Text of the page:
If you have a new college graduate in your life, do them a favor. Share lessons you’ve learned from some of your best and worst financial moves.
Here are the top three tips I share. (For related reading, see: Start Planning for College Costs Now With a 529.)
Pay Off Debt
Carrying student loan debt for too long will hamper your ability to purchase a home, save for retirement or reach other financial goals. Commit to putting a good chunk of your monthly income towards loan payment. Start by contacting your loan provider and establishing a payment plan to pay off the debt as quickly as possible. Don’t underestimate interest rates and the tangible losses from delaying your payments. The sooner you pay it off, the less you will pay in the long run. By setting up an online account with your loan provider, you can easily keep track of your loan balance and see for yourself how fast the interest fees accumulate.
If you have more than one loan, pay off the loan with the highest interest rate first. Or consider consolidation options so that you only have one payment to make—and be sure to secure the lowest interest rate possible. As you earn more, consider increasing your regular payments to eliminate the debt sooner than planned. Even adding just an additional $25 a month or paying one extra full payment a year will significantly decrease your loan.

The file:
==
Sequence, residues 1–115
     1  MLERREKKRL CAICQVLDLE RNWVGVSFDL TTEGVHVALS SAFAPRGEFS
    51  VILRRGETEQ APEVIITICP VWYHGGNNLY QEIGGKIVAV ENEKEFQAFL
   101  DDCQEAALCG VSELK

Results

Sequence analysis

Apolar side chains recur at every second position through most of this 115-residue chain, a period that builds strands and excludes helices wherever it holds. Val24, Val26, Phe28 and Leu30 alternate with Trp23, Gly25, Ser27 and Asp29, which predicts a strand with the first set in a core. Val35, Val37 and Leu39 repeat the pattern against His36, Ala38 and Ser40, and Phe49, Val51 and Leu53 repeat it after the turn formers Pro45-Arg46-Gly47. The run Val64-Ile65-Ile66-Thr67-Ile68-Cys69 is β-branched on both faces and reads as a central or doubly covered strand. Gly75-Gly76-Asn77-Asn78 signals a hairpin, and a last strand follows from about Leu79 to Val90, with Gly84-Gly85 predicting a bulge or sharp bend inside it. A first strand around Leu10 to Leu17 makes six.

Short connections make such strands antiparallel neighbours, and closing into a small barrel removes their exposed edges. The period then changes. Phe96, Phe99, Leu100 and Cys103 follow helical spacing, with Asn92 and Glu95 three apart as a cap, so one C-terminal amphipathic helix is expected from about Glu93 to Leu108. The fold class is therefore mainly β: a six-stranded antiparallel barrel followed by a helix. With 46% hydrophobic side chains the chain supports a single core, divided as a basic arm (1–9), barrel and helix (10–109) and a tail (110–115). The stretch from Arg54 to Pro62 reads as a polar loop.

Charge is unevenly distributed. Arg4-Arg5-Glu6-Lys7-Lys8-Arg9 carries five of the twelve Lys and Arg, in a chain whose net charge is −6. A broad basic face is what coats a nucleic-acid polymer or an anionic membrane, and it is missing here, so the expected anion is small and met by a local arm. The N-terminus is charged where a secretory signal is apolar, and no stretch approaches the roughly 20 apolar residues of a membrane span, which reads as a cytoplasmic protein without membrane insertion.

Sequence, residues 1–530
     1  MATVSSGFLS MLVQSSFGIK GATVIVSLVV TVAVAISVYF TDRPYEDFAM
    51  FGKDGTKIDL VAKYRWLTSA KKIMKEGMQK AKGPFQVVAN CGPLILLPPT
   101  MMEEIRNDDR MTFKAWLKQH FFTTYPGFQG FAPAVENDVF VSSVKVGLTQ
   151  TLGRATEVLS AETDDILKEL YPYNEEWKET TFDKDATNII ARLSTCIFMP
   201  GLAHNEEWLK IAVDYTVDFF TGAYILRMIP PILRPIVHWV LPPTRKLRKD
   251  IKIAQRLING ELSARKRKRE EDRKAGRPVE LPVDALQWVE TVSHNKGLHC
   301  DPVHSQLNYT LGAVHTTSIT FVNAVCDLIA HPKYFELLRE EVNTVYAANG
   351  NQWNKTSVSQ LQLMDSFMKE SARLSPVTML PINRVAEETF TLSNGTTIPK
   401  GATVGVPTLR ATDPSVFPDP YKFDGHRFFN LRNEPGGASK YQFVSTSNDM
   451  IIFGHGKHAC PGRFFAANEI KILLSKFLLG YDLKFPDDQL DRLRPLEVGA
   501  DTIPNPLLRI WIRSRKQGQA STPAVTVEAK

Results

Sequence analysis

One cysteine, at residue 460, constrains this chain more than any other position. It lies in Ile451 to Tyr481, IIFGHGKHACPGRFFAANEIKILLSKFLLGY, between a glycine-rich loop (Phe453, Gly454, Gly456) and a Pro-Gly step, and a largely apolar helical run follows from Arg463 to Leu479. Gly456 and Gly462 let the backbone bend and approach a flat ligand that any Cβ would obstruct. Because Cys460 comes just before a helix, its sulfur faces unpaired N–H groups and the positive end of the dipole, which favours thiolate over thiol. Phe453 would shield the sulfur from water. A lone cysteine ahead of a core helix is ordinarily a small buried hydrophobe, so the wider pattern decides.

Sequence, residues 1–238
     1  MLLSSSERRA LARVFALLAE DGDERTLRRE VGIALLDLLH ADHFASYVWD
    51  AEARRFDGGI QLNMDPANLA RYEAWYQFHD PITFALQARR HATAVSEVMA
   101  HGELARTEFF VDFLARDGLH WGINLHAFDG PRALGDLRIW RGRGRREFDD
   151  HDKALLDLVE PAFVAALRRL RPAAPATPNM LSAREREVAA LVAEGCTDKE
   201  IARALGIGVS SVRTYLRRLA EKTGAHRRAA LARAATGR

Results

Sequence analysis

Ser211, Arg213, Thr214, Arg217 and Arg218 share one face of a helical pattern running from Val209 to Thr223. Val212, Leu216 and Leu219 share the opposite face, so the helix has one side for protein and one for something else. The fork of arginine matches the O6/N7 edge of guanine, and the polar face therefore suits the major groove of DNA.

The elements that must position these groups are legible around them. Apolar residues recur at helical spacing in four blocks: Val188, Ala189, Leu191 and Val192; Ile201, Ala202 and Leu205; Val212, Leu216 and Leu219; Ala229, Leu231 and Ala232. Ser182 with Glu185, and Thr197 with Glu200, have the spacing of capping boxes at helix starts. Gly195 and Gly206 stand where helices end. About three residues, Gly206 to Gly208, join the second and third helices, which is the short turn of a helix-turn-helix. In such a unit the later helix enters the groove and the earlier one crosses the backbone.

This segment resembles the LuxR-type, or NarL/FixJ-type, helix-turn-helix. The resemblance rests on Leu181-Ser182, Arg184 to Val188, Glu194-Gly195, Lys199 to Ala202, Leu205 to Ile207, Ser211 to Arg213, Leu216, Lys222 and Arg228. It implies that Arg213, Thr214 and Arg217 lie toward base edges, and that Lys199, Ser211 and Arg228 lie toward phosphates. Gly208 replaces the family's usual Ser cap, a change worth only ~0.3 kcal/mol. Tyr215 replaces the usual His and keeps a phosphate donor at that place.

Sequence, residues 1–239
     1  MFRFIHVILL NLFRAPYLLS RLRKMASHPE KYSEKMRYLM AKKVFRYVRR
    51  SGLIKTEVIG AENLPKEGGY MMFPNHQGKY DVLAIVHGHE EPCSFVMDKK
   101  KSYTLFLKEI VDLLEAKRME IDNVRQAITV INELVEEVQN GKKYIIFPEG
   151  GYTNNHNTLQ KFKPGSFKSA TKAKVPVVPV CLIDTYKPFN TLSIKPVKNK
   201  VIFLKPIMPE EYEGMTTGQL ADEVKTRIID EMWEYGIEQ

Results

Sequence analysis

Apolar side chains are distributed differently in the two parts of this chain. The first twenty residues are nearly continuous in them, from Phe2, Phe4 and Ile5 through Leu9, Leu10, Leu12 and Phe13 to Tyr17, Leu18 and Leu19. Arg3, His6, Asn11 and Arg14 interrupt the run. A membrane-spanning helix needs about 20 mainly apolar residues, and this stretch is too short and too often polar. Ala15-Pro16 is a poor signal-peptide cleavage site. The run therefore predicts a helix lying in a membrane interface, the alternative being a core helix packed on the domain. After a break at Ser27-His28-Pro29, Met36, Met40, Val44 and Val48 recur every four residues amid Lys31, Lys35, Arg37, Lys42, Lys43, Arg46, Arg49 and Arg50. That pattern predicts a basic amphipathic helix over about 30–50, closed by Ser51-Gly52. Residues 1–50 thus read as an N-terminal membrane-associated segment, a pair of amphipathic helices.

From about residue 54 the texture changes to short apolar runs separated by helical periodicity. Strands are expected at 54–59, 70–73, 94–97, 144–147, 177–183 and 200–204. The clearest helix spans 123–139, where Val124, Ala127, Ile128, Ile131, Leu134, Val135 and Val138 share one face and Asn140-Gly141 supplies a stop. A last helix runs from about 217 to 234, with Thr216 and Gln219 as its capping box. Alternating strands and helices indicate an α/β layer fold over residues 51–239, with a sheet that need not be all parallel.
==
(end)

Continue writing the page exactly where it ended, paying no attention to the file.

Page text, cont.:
Saving for the future is one of those things we all know we should do, but too often we just don't do it as early, or as often, or as much as we should. Whether you are overjoyed to see real income for the first time in your life or shocked by a smaller-than-expected paycheck, get over it. Creating the habit of saving as soon as possible is paramount—no matter how much or how little you have.
Open a savings account. Ideally you will set aside at least three months' of expenses in an emergency fund to pay for unforeseen expenses such as a new engine for the car or in case you suddenly lose your job. Kick-start your account with graduation checks from friends and family. (For related reading, see: How to Get Out of Paying Your Student Loans.)
Live a Low-Maintenance Lifestyle
Simply put, learning to live within your means requires you to either make more money or spend less. A starting salary doesn’t mean your lifestyle will look like the life you enjoyed while living off mom and dad—especially if you have debt. Make a list of your regular expenses (including loan and credit card payments and savings deposits). Then look for ways to trim those expenses such as little things that add up quickly. Don’t buy lunch or a Starbucks coffee every day.
Then use the envelope system where you insert a portion of each paycheck to envelopes labeled with each outstanding debt. Skip cable and stick with Hulu. Once the debts are paid off, use the envelopes to build up savings for your short and long-term goals.
There's an App for That
Personal finance apps like Mint and PocketExpense can help. Some of these apps help you save money automatically, indicate how much money is safe to spend, show monthly cash flow and will automatically invests spare change. (For related reading, see: Student Loan Debt: What Every Borrower Should Know.)
The opinions voiced in this material are for general information only and are not intended to provide specific advice or recommendations for any individual